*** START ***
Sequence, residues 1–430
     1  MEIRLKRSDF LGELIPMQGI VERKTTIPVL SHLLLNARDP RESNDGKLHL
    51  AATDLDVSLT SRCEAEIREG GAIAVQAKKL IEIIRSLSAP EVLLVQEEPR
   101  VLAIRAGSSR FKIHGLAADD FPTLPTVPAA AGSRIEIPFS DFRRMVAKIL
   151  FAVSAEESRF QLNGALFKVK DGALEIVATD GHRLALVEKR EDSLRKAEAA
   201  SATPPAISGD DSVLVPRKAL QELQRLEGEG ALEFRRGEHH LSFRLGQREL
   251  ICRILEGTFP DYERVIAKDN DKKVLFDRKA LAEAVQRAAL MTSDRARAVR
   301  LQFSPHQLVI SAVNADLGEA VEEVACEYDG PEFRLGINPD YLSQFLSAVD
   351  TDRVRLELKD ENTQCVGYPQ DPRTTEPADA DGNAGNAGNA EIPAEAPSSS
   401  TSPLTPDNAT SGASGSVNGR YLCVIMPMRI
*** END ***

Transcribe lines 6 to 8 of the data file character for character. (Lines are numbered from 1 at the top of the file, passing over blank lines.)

   201  SATPPAISGD DSVLVPRKAL QELQRLEGEG ALEFRRGEHH LSFRLGQREL
   251  ICRILEGTFP DYERVIAKDN DKKVLFDRKA LAEAVQRAAL MTSDRARAVR
   301  LQFSPHQLVI SAVNADLGEA VEEVACEYDG PEFRLGINPD YLSQFLSAVD